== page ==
Table of Contents
Metal-Based Drugs
Volume 2008 (2008), Article ID 391418, 13 pages
http://dx.doi.org/10.1155/2008/391418
Research Article

Synthesis and Biological Analysis of Thiotetra(ethylene glycol) monomethyl Ether-Functionalized Porphyrazines: Cellular Uptake and Toxicity Studies

1Department of Chemistry, Northwestern University, 2145 Sheridan Road, Evanston, IL 60208, USA
2Center for Molecular Biology of Oral Diseases, College of Dentistry, University of Illinois at Chicago, 801 S. Paulina Street, Chicago, IL 60612, USA
3Jesse Brown VAMC, 820 South Damen Avenue, Chicago, IL 60612, USA
4Department of Chemistry, Faculty of Natural Sciences, Imperial College London, Faculty Building, South Kensington Campus, London SW7 2AZ, UK

Received 29 May 2007; Revised 20 July 2007; Accepted 6 August 2007

Academic Editor: Michael J. Cook

Copyright © 2008 Sangwan Lee et al. This is an open access article distributed under the Creative Commons Attribution License, which permits unrestricted use, distribution, and reproduction in any medium, provided the original work is properly cited.

Abstract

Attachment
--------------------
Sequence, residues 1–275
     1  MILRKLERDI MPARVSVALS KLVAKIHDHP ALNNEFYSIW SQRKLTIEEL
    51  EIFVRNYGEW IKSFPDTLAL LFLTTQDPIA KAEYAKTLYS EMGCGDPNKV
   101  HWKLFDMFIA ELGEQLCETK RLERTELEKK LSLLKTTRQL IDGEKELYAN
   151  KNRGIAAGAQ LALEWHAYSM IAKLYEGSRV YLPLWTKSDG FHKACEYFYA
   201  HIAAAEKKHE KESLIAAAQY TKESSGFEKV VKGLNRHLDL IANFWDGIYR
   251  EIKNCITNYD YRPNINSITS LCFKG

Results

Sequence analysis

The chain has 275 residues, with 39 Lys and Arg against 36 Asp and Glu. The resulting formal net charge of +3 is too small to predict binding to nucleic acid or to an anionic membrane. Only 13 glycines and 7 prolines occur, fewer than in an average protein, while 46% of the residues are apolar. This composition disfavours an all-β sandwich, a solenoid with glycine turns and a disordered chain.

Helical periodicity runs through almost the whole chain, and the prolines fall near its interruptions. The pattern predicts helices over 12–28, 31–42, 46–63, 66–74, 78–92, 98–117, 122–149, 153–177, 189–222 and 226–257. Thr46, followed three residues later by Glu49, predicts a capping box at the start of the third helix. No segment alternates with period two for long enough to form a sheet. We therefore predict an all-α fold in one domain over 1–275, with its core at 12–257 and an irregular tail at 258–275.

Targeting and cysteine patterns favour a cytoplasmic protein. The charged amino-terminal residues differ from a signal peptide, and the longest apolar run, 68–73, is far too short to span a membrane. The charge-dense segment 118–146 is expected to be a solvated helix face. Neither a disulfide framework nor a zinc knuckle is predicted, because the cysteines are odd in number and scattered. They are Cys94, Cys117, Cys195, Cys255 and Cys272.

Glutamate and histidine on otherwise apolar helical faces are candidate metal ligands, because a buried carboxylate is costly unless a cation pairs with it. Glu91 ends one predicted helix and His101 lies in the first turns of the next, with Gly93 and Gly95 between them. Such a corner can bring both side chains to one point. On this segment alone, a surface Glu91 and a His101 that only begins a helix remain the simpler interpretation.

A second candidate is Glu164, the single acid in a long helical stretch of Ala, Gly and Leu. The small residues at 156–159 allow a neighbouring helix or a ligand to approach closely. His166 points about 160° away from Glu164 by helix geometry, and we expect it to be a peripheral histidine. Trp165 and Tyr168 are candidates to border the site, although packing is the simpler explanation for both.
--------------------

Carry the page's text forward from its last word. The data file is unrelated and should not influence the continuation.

The porphyrazines (pzs), a class of porphyrin analogues, are being investigated for their potential use as tumor imaging/therapeutic agents. We here examine six peripherally-functionalized M[pz(AnB4-n)] pzs with n=4, 3, or 2 (in a trans conformation) and M = H2 or Zn, where A is an [S((CH2)2O)4Me]2 unit and B is a fused β,β-diisopropyloxybenzo group. Cell viability/proliferation assays and fluorescence microscopy were carried out in both tumor and normal cells. Dark toxicity studies disclosed that four of the compounds exhibited toxicity in both normal and tumor cells; one was nontoxic in both normal and tumor cells, and one was selectively toxic to normal cells. Additionally, three of the pzs showed enhanced photo-induced toxicity with these effects in some cases being observed at treatment concentrations of up to ten-fold lower than that needed for a response in Photofrin. All six compounds were preferentially absorbed by tumor cells, suggesting that they have potential as in vitro diagnostic agents and as aids in the isolation and purification of aberrant cells from pathological specimens. In particular, two promising diagnostic candidates have been identified as part of this work.